A math question known as the Riemann hypothesis can earn you a staggering $1 million just for solving it.
The equation got its name from German mathematician Bernhard Riemann in an 1859 paper called ‘Ueber die Anzahl der Primzahlen unter einer gegebenen Grösse’ – which translates to ‘On the Number of Primes Less Than a Given Magnitude’.
To put it as simply as possible, it is just about the distribution of prime numbers (which still sounds confusing).
Fortunately, the Clay Mathematics Institute of Cambridge, Massachusetts, explain much better than I can, as they write: “The prime number theorem determines the average distribution of the primes. The Riemann hypothesis tells us about the deviation from the average.
“Formulated in Riemann’s 1859 paper, it asserts that all the ‘non-obvious’ zeros of the zeta function are complex numbers with real part 1/2.”
So what makes this theory so important? Well, the answer to the unproven question is simply yes or no, but if the answer is yes then it could have huge implications for number theory, encryption and the study of prime numbers.
This is why the Riemann hypothesis is sometimes referred to as the ‘holy grail of mathematics’.
According to comedian and former math teacher Matt Parker, many theorists are ‘obsessed with primes because they are the foundation of all other numbers’.
Speaking to The Guardian in 2010, he explained: “Prime numbers in mathematics are like atoms in chemistry, bricks in the construction industry and ludicrous pay cheques in professional football.
“Everything is built up from these fundamental units and you can investigate the integrity of something by taking a close look at the units from which it is made.
“To investigate how a number behaves you look at its prime factors, for example 63 is 3 x 3 x 7. Primes do not have factors: they are as simple as numbers get.”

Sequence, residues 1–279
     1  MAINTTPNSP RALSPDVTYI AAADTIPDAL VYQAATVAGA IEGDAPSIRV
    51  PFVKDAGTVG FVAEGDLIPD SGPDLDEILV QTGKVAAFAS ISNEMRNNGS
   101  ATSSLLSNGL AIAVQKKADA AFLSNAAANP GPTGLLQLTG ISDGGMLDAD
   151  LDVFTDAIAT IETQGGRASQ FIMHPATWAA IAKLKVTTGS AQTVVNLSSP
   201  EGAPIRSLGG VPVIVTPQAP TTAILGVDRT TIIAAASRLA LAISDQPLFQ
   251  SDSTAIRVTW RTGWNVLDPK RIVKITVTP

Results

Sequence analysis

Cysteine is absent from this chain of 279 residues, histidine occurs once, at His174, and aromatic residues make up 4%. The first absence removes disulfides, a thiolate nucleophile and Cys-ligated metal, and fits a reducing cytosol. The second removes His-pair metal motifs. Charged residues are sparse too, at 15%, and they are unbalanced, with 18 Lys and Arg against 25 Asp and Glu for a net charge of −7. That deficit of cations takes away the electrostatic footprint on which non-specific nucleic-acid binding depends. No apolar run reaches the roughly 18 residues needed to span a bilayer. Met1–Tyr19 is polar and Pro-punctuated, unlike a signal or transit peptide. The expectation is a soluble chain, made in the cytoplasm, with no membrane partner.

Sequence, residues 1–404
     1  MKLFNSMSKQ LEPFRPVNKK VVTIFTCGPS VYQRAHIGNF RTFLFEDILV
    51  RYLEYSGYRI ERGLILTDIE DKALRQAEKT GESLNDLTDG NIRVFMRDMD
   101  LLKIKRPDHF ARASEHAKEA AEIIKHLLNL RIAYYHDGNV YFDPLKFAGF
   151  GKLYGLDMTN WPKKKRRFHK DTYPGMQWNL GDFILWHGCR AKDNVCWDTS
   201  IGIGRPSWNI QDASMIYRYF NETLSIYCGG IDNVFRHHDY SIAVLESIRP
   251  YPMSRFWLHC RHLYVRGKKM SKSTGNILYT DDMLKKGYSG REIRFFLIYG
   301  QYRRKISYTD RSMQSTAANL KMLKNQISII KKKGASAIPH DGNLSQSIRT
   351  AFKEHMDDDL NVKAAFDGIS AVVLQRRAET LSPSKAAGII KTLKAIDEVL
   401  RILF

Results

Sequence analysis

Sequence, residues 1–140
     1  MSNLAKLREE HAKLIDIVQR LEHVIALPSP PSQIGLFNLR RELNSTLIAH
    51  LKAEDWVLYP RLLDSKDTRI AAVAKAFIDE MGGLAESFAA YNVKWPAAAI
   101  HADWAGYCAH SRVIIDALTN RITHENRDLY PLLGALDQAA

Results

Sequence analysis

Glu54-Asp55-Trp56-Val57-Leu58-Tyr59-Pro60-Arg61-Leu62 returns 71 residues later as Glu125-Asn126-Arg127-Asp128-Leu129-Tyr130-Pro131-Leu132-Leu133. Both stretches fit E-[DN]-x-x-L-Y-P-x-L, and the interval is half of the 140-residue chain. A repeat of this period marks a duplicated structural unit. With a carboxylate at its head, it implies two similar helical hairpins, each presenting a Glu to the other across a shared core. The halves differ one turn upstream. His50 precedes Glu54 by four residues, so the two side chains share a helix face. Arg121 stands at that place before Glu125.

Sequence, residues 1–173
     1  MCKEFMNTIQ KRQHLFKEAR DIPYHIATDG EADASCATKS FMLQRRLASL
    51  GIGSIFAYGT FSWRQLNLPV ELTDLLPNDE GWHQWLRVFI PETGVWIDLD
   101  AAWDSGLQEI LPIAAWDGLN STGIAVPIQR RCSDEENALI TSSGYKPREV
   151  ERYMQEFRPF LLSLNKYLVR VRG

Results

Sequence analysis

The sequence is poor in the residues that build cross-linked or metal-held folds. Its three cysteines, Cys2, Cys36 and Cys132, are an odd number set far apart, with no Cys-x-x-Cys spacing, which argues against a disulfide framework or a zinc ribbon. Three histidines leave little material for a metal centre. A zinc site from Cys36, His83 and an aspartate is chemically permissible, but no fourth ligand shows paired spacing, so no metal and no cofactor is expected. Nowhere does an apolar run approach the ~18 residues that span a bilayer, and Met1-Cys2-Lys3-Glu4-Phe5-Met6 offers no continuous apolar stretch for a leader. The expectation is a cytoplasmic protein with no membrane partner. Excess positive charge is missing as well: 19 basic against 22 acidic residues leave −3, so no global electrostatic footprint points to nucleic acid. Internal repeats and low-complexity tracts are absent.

However, if the Riemann hypothesis is proven to not be true, it would have a huge impact on what we already know about mathematics.
As explained by South African mathematician Peter Sarnak (via the New York Post): “If (the Riemann hypothesis) is not true, then the world is a very different place.
“In a way, it would be more interesting if it were false, but it would be a disaster because we’ve built so much around assuming its truth.”
Several mathematicians have attempted to solve the Riemann hypothesis, but none of their solutions has actually been accepted as valid proof.
The theory is that important the Clay Mathematics Institute will pay whoever solves it $1 million.
The Riemann hypothesis was dubbed a ‘Millennium Prize Problem’. This is a term used for one of seven mathematical problems that are deemed to be crucial to increasing our mathematical knowledge.
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The institute says: “This has been checked for the first 10,000,000,000,000 solutions.
“A proof that it is true for every interesting solution would shed light on many of the mysteries surrounding the distribution of prime numbers.”
So if anyone wants to earn a million dollars, have a crack at this equation that theorists have been trying to solve for over 150 years.